If there’s a silver lining for Minnesota, it’s that the state has little in the way of a federal workforce or a defense industry. The state gets back 71 cents in services for every dollar its taxpayers send to Washington. In relative terms, that translates into little to cut.
But the economic drain could still be significant.
A George Mason University study of the sequester and its related budget cuts since 2011 estimates that Minnesota’s economy could shrink by $1.6 billion, resulting in the loss of 16,033 jobs, more than a quarter of them in the defense sector.
Minnesota defense contractors, who earned nearly $2 billion in 2011, could face revenue losses of $349 million each year of the sequester, according to an analysis by the Center for Security Policy in Washington.
The larger ripple effect
The impact is already being felt, said Chip Laingen, who heads the Defense Alliance of Minnesota. A defense industry networking event in Minneapolis next month likely won’t see any of the usual Defense Department representatives. Pentagon officials cited the need to cut back on travel, he said.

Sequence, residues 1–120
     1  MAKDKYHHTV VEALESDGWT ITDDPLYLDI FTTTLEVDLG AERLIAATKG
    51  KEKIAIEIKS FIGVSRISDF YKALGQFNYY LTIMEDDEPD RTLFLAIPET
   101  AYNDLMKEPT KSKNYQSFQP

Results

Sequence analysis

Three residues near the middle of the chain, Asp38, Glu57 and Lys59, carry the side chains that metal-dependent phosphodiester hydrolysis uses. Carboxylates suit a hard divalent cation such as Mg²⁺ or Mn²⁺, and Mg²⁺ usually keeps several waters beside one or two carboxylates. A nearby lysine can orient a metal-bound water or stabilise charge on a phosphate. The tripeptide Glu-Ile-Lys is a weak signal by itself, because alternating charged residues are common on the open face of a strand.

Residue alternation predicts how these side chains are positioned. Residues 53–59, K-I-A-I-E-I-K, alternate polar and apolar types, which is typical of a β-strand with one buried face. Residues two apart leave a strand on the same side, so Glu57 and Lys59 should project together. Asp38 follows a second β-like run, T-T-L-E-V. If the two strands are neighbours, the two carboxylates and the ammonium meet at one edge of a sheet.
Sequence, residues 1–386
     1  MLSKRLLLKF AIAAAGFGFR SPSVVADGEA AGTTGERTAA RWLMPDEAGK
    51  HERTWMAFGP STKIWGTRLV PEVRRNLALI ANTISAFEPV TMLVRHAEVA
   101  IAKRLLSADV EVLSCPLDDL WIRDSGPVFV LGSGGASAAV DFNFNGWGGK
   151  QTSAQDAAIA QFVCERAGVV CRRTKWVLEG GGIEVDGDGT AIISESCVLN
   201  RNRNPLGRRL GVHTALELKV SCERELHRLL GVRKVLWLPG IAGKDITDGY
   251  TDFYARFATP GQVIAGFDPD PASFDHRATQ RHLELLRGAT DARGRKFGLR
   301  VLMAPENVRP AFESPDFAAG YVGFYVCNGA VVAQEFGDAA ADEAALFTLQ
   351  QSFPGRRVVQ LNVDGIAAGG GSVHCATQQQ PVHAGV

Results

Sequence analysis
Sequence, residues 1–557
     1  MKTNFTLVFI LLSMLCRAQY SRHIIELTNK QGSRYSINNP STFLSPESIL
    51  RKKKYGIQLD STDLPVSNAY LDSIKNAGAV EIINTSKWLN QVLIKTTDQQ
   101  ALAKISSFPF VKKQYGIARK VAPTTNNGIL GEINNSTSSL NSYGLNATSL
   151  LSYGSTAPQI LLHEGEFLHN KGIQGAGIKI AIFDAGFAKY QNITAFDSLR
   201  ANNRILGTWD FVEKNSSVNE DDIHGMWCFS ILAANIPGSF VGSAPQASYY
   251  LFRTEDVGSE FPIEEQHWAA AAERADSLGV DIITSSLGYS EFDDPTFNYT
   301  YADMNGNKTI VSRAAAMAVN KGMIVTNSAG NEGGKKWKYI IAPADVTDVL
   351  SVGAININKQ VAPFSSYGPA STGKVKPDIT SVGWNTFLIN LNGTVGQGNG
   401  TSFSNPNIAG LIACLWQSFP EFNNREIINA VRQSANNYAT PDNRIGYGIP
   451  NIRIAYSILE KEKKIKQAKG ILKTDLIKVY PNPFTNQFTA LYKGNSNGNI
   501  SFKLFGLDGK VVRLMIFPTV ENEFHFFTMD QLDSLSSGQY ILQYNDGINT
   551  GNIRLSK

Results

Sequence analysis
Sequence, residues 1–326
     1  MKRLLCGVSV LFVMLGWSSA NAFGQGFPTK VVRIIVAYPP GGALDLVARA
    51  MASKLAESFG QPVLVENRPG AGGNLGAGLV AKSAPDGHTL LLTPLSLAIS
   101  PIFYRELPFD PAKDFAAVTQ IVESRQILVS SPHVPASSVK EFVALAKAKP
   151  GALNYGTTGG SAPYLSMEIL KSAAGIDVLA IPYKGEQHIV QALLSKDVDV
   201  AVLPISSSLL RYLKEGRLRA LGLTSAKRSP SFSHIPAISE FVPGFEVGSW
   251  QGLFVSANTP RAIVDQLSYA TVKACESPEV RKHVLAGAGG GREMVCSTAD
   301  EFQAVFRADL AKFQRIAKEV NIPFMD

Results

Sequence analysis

Meanwhile, a recent Minnesota Management and Budget report estimated a potential $117 million reduction in grants and programs subject to the sequester, though that figure could be slightly diminished by the Jan. 1 fiscal cliff deal that delayed the sequester budget cuts for two months.
Among the major targeted programs in Minnesota this year: $14 million from special education; $12 million from the Title I education program; $10 million from low-income energy assistance grants; and $2.5 million from the Job Corps.
But even if Minnesota has less to worry about than other states, the biggest impact could come from the predicted slowdown in the national economy. “That’s going to ripple into Minnesota’s economy,” said state budget director Margaret Kelly. “That may show up in future revenue forecasts.”
And even if the sky doesn’t fall for everyone, it certainly will for some. “To the individual who loses his or her job,” Kline said, “that sky is falling.”